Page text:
# Desargues's Two Triangle Theorem

If two triangles have corresponding vertices joined by concurrent lines, then the intersections of corresponding sides are collinear. That is: If PP', QQ', RR' all pass through one point O, then the intersections A=QR.Q'R', B=RP.R'P', C=PQ.P'Q' all lie on one line.

Proof: We need to prove the point C lies on the line AB. Suppose we have two perpendicular planes, the x-y plane and y-z plane. Let there be a projection point P at {-1,0,1}. Let the two triangles PQR, P'Q'R' lie in the y-z plane positioned so that the line AB lies on the vanishing line {x == 0, z == 1}. Since lines whose intersection is on the vanishing line will be projected into parallel lines, therefore by projection onto the x-y plane we obtain two triangles having two pairs of parallel sides. Their remaining sides must be parallel by Theorem 1.51. Since the sides PQ and P'Q' of the original triangles project into these parallel lines, their point of intersections C must lie on the vanishing line AB. ∎

Proof: von Staudt's projective three dimensional proof.

First, we establish that the theorem is true for two triangles PQR and P'Q'R' in distinct planes. In that case, the points A,B,C all lie in the plane PQR and also in the plane P'Q'R', and therefore they all lie on the line of intersection PQR*P'Q'R'.

Take any two points S and S' on a line through O outside the plane of the two given triangles, so that the four lines PP', QQ', RR', SS' all pass through O. Since P, P', S, S' all lie in one plane OPS, the lines PS, P'S' meet in a point P1 (possibly at infinity); similarly, QS meets Q'S' in a point Q1, and RS meets R'S' in a point R1. Applying the theorem on triangles QRS, Q'R'S', which lie in distinct planes, we see that the points of intersection R1 = RS*R'S', Q1 = SQ*S'Q1, A = QR*Q'R' are collinear. Thus A lies on Q1R1; similarly, B on R1P1 and C on P1Q1. Hence the three points A,B,C, lying in the plane P1Q1R1 as well as in the plane PQR, must lie on the line of intersection PQR*P1Q1R1. ∎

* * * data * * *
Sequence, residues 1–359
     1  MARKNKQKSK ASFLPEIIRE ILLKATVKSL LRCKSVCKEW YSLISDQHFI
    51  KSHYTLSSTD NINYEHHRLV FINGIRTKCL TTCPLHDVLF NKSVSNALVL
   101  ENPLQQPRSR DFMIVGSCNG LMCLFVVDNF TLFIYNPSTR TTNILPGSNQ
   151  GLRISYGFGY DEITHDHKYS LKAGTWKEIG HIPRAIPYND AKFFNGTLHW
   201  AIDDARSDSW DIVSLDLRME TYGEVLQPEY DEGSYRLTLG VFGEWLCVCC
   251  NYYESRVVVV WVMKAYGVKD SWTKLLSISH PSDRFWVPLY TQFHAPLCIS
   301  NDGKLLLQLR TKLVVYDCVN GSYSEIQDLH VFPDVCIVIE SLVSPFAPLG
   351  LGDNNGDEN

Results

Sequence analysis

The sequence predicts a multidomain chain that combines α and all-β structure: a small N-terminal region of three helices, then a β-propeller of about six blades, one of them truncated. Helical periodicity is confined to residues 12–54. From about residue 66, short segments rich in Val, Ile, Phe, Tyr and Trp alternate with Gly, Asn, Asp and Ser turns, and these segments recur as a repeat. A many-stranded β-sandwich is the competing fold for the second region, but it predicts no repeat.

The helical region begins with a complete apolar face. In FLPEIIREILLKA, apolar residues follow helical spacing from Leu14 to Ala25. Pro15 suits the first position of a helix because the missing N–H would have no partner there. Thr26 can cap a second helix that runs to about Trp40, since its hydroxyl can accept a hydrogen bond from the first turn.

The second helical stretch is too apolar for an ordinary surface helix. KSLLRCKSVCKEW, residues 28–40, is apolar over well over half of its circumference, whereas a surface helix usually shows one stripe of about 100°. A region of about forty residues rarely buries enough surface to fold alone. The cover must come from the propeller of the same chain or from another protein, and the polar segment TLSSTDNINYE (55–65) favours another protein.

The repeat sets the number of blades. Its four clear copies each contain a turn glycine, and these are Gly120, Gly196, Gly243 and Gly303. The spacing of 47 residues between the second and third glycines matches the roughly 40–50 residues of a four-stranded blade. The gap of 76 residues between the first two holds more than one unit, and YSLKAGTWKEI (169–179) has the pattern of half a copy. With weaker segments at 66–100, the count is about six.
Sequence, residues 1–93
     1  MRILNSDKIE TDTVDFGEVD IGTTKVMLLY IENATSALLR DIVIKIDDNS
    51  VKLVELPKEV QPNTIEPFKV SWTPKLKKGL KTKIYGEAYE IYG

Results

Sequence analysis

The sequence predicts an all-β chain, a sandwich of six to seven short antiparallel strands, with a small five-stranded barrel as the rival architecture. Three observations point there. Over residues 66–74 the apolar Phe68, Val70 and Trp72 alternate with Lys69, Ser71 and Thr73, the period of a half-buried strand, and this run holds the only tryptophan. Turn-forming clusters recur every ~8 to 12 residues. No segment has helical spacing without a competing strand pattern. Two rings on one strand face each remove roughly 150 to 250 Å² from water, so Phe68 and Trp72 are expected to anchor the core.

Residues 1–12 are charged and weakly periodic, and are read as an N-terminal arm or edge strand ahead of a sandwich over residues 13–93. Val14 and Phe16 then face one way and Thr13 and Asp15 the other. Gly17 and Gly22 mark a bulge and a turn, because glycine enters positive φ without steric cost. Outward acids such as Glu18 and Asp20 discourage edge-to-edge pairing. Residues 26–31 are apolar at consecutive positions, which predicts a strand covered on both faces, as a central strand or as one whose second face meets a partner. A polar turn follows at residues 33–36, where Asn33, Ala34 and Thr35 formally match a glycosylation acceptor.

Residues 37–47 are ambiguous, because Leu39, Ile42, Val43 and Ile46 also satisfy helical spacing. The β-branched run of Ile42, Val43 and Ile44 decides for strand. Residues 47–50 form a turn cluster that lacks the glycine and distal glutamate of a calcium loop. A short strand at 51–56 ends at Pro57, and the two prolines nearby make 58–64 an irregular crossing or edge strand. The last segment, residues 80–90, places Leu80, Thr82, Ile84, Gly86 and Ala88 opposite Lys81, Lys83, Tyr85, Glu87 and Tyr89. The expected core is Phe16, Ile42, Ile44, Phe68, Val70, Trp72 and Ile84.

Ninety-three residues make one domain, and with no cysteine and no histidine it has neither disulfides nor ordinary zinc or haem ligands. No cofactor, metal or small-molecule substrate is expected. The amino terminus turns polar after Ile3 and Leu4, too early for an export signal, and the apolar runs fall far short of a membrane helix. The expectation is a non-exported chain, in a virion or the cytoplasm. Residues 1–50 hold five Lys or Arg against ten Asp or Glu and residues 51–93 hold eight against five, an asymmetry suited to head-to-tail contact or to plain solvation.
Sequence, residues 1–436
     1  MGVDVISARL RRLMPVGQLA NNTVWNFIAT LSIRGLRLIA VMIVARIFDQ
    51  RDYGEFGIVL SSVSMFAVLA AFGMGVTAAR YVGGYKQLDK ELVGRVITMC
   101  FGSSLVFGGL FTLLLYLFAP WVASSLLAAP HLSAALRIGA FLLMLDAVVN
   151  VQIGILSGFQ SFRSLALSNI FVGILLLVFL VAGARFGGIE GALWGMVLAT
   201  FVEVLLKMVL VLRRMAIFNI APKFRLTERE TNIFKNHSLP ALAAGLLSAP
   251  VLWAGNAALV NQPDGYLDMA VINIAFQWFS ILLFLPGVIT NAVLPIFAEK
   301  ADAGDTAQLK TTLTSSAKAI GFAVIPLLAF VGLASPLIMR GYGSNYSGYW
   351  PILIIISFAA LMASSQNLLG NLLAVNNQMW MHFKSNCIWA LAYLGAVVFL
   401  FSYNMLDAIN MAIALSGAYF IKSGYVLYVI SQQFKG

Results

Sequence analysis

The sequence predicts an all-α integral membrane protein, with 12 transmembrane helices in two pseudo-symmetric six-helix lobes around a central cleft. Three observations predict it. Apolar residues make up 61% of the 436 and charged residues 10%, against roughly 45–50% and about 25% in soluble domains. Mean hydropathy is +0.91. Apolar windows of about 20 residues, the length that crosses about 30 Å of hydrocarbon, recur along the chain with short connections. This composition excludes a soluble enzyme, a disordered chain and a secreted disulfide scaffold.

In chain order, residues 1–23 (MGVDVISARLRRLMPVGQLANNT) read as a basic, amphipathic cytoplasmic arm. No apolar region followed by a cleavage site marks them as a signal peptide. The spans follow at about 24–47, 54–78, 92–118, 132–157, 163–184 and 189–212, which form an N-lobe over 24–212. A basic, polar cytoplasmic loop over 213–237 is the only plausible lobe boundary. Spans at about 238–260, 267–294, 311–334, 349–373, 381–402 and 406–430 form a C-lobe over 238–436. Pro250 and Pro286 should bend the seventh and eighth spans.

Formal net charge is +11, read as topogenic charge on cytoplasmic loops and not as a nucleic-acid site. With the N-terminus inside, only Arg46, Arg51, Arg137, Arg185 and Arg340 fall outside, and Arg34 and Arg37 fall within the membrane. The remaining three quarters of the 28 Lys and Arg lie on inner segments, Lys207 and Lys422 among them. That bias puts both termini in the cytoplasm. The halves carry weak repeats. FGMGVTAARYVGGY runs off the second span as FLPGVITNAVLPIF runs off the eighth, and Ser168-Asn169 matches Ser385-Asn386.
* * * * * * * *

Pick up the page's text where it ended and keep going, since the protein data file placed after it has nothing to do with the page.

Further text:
Note: von Staudt's proof is difficult to follow, and more difficult to visualize. But understanding will come with persistence. Note that P1,Q1,R1 forms a triangle. Each of A,B,C are collinear with one of its sides, meaning each of A,B,C must lie on one of its side, and thus A,B,C are in the same plane as P1,Q1,R1. Now since A,B,C are on both plane P1,Q1,R1 and P,Q,R, it follows they must be collinear.

Proof:

Take Desargues's theorem of two triangles in distinct planes. Now project them into a plane. Since projection preserve incidence, the figures in the plane satisfies Desargues's theorem in the plane. Now reverse this process to prove Desargues's theorem of two triangles in the plane. (this proofs needs to be clarified)

A special case of Desargues's Theorem is when the corresponding sides are all parallel, we say they met at infinity, and their intersections are collinear on the line at infinity.

## Converse of Desargues's Two Triangle Theorem

If two triangle's corresponding sides are collinear, then their corresponding vertices are concurrent.

Proof:

Suppose triangle PQR, and P'Q'R' whose corresponding sides intersect in the three collinear points A,B,C and we wish to prove that the line RR' passes through the point O = PP'*QQ'. This is an immediate consequence of Desargues's two-triangle theorem itself, as applied to the triangle AQQ' and BPP', whose joins of corresponding vertices all pass through C, while their intersections of corresponding sides are O, R', R.

See also: Desargues's Theorem.

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